Brown Séquard syndrome, also known as Brown-Séquard's hemiplegia and Brown-Séquard's paralysis, is a loss of sensation and motor function (paralysis and anesthesia) that is caused by the lateral hemisection (cutting) of the spinal cord. Other synonyms are hemiparaplegic syndrome, hemiplegia et hemiparaplegia spinalis, and spinal hemiparaplegia. It is named after physiologist Charles-Édouard Brown-Séquard, who first described the condition in 1850.
A herniated cervical disc has rarely been considered to be a cause of Brown-Sèquard syndrome.
Kobayashi et al. reported reported in 2003 two cases of Brown-Sèquard syndrome produced by herniated cervical disc.
The first patient was a 64-year-old man who presented with right leg weakness and diminished sensation to pain and temperature in the left side below the T4 dermatome. The second patient was a 39-year-old man who presented with right-sided weakness and diminished sensation to pain and temperature in the left side below the T6 dermatome.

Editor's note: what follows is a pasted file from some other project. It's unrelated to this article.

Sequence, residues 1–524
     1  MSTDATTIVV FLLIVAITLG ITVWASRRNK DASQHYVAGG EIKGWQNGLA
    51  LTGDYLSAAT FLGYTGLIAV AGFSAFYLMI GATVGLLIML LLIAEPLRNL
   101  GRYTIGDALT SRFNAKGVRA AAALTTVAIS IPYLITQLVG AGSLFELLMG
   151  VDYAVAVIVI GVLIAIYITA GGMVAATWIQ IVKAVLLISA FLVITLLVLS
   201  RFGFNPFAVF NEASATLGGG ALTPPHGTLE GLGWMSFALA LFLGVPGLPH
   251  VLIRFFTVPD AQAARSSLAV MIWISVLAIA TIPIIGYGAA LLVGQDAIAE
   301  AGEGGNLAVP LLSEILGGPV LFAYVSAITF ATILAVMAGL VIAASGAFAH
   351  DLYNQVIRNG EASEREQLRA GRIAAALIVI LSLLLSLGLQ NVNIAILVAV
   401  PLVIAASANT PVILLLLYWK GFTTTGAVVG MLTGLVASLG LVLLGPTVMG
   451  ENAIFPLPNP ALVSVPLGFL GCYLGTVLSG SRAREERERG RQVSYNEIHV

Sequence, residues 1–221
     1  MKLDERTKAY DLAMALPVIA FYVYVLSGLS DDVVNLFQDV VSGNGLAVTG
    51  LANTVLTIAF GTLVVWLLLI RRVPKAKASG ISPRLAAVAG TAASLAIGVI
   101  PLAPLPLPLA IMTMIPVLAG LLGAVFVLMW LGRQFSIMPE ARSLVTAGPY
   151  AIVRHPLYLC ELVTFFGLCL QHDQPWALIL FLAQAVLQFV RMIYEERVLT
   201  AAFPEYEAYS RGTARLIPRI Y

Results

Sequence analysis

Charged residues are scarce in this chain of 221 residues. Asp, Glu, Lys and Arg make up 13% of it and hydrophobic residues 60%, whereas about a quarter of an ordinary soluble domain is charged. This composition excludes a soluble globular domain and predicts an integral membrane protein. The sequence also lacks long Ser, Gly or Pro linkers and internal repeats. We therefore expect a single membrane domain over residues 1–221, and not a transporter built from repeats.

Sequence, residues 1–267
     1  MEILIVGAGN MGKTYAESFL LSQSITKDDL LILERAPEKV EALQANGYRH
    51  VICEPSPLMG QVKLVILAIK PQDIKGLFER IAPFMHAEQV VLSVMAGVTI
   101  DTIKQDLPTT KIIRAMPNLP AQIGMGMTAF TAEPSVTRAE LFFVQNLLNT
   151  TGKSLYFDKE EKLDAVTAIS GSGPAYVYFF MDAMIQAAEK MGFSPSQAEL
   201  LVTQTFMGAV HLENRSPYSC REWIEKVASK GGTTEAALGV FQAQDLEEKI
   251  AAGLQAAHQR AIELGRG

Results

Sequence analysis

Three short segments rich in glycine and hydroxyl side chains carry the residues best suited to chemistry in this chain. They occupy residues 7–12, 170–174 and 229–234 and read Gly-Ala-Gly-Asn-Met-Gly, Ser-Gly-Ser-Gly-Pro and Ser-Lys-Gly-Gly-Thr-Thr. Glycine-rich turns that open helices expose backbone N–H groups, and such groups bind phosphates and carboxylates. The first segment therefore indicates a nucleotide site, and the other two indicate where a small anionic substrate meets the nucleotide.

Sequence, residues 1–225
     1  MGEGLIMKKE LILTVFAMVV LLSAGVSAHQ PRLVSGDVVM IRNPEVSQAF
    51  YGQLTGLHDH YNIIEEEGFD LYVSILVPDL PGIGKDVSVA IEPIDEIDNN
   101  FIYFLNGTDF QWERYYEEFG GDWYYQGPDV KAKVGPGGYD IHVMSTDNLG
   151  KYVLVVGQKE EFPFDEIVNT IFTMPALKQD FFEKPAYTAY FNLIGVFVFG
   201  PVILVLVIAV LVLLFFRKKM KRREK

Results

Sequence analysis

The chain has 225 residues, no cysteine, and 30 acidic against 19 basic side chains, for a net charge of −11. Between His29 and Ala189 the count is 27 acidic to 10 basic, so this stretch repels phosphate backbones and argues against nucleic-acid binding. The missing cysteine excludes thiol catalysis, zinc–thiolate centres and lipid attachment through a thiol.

Anterior cervical discectomy with fusion was performed for these patients.
These cases revealed contralateral deficit in sensation of pain and temperature of more than a few levels below the cord compression, and showed paracentral protruded disc in magnetic resonance images and cervical spinal stenosis in cervical spine X-rays. Postoperatively, motor and sensory function of these patients returned to normal.
Characteristic finding in discogenic Brown-Sèquard syndrome are contralateral deficit in sensation of pain and temperature of more below than a few levels below the cord compression and paracentral protruded disc with cervical spinal stenosis. Outcomes are favorable in rapid diagnosis by magnetic resonance images and performance of anterior approach 1).
Idiopathic spinal cord herniation (ISCH) is a relatively rare and frequently misdiagnosed condition. It preferentially affects women and causes progressive thoracic myelopathy that presents as a Brown Séquard syndrome or as spastic paraparesis